By Steve MacNaull
Oceania cruisers have the exclusive opportunity to make pizza from scratch and bake it in an outdoor wood-burning oven at a winery.
Chef David Gastaldin’s hands are a blur over the pizza dough.
“You have to move fast,” he says in his Italian accent.
“This is my grandmother’s recipe. It’s the same fine flour, water, yeast and salt as every other pizza dough, but the key is to knead quickly using your palms and heels of your hands. Never, ever use a machine.”
He takes a momentary break to dust his hands and the giant marble tabletop again with flour so the dough doesn’t stick and then his hands are a blur once more.
Our group is taking the pizza-making class of all pizza-making classes.
We’ve come off a Oceania Cruise in Livorno, on Italy’s west coast and shuttled quickly to Torre A Cenaia Winery in the much-romanticized countryside of Tuscany.
Exclusive for Oceania guests booking Culinary Discovery Tours, chef David tours foodies around the 500 hectare property with a horse and wagon and stops in the middle of a field at a ruin of a farmhouse.
The most-maintained feature at the house is an outdoor 200-year-old wood-burning brick oven.
While we wait for the fire to reach exactly the right temperature, we make and knead dough.
Oh, forgot to mention, we’re also sipping glasses of Torre A Cenaia chardonnay-sauvignon blanc handed to us upon our arrival by the winery’s public relations director Alessandra Mascagni.
Apparently it’s the perfect wine to consume while preparing pizza.
David quickly disappears from the outdoor kitchen around the corner to check the heat of the wood-burning oven.
“I know my oven,” he announces.
“It’s almost ready.”
So the chef expertly spreads his ball of dough into pizza-shape on a well-floured wooden paddle and assembles the most-basic of pizzas, a margherita with fresh tomato sauce and coursely-grated mozzarella cheese.
“Simple is best,” he declares.
“The fewer the toppings the better. I like classic margherita, but you can maybe add peppers, onion or sausage.”
He slides his creation into the oven and then everyone in our group follows David’s lead and commences spreading dough and topping pizzas.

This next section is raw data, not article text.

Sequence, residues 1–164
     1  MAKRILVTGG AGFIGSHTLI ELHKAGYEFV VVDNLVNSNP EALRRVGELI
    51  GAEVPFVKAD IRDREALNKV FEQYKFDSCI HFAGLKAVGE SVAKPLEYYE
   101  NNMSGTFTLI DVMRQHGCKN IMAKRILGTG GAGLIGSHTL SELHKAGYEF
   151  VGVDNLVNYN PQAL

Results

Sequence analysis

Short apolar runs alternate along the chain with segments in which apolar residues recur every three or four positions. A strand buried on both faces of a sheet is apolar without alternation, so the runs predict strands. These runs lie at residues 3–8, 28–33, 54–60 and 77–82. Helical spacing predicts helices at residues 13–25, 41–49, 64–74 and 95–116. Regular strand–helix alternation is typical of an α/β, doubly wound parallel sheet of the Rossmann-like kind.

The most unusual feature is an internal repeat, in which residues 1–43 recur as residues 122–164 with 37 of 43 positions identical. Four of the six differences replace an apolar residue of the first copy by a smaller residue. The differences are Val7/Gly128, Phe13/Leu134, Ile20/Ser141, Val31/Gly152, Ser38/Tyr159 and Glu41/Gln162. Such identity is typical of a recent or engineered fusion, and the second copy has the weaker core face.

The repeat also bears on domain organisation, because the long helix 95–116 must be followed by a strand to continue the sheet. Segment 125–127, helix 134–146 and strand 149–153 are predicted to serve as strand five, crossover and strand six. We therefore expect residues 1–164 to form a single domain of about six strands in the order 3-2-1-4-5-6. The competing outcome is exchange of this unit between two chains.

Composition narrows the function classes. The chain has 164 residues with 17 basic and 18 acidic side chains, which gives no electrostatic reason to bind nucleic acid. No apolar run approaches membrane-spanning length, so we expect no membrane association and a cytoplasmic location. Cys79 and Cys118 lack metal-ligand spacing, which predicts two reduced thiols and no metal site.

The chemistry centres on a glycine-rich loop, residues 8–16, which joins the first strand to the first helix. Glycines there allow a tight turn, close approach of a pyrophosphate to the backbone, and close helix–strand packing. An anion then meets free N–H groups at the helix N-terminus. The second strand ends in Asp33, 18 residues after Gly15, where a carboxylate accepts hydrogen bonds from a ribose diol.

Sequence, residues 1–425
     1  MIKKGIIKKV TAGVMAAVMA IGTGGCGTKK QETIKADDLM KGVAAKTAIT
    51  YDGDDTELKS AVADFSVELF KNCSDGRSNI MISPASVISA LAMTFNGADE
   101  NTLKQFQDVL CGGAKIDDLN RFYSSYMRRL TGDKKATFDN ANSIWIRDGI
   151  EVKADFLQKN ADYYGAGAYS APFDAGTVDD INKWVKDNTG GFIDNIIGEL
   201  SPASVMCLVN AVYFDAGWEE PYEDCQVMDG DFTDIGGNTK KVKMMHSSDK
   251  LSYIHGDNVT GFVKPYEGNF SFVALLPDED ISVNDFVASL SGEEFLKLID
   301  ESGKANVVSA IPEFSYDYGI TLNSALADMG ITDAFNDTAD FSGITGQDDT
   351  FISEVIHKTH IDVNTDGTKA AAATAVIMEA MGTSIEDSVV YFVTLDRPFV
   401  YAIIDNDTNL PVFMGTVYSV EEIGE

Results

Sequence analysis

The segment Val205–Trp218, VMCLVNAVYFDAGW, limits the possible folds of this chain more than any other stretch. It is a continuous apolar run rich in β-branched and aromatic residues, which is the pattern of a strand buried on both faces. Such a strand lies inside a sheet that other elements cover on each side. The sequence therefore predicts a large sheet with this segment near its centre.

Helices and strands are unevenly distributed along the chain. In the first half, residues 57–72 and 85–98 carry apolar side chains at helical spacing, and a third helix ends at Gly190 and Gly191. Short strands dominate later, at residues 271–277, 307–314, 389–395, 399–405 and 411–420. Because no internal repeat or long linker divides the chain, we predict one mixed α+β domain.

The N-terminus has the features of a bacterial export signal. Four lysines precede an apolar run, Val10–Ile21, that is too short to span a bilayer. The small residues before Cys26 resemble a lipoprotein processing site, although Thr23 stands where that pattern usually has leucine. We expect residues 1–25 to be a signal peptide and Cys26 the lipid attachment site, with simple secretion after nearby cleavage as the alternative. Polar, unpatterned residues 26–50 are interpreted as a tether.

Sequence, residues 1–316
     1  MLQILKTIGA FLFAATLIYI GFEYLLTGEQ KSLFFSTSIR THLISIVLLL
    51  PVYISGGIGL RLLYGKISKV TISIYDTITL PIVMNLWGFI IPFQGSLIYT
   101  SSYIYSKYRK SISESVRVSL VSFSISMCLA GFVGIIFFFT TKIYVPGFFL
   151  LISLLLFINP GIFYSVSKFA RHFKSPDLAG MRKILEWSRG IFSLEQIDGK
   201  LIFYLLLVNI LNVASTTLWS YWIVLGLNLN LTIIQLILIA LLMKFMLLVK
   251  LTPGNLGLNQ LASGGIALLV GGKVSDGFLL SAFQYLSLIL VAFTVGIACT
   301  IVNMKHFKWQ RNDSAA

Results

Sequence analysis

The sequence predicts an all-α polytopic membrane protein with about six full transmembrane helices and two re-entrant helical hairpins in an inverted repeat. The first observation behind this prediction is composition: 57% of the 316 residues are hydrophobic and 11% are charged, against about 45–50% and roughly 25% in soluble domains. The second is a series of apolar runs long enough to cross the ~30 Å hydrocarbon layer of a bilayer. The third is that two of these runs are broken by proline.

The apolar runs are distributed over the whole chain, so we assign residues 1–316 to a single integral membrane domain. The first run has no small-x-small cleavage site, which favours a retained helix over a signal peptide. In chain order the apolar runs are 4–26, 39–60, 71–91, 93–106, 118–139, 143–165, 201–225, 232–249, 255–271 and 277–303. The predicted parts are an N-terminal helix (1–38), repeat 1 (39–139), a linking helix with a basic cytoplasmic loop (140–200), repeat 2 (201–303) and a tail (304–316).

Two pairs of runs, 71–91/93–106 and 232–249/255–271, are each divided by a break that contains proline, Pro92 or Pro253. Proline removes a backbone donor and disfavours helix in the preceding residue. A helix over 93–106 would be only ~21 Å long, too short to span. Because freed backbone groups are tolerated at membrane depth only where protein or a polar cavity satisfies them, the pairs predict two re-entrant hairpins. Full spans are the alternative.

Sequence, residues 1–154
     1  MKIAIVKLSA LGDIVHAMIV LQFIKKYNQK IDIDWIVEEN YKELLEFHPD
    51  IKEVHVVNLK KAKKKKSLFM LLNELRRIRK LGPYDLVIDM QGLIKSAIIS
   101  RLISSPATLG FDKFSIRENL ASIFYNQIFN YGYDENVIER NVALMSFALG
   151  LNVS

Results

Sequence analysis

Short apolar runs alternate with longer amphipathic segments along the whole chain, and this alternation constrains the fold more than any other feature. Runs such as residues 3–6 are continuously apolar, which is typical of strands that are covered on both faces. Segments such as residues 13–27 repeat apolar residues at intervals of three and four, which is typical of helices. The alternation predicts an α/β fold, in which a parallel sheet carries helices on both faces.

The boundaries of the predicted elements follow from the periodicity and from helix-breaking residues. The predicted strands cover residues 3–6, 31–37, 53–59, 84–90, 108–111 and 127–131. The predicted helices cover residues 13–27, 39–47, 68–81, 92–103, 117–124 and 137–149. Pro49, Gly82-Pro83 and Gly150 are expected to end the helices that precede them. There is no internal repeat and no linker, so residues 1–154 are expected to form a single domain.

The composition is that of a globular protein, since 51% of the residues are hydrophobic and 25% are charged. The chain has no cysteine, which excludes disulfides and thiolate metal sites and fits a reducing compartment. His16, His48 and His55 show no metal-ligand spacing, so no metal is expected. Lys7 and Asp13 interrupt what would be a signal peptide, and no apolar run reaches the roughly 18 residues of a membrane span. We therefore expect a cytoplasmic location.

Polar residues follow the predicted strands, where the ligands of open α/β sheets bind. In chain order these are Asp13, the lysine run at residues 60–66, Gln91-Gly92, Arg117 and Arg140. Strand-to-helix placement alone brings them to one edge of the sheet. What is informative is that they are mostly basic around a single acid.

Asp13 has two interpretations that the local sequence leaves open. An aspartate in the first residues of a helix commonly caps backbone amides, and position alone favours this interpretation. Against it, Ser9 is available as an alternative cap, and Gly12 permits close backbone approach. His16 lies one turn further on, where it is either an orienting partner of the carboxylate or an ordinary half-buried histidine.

The only extra topping I add is peppered-Tuscan sausage made with meat from the pigs raised on property and a splash of the estate-bottled chianti from the winery.
The pizzas start coming out of the oven in rapid succession and we’re seated at a long-communal table under umbrellas beside this pastoral crumbling farmhouse.
The group becomes even more animated as we verbalize this is exactly the idealized scene of Tuscany we imagined.
Alessandra pours a generous round of Torre A Cenaia rose.
“Rose is actually the perfect pairing for pizza eaten outdoors, not red,” she explains.
We praise the wine and compliment each other profusely on the pizzas each made and are now sharing.
Conversation at the table turns to how we all want to build wood-burning ovens in the our backyards and install marble countertops in our kitchens when we get home.
“Oceania passengers cruise as much for the food and wine as they do the ports,” says Oceania executive chef Kathryn Kelly, who is accompanying our group.
“It’s only natural we come to a winery in Tuscany for an exclusive hands-on culinary experience like this.”
These one-of-a-kind Culinary Discovery Tours are only offered from the luxurious 1,200-passenger Marina and Riviera Oceania ships plying the Mediterranean and Baltic seas.
There’s also a tapas excursion in Barcelona, market visits and wine-and-food pairing in the South of France and a Cretan cooking class in Greece.
It’s worth flying Lufthansa in business class to Europe so you can recline all the way back to sleep and arrive refreshed and ready to enjoy all the culinary, cultural and on-board activities Oceania Cruises offers.
Check out OceaniaCruises.com.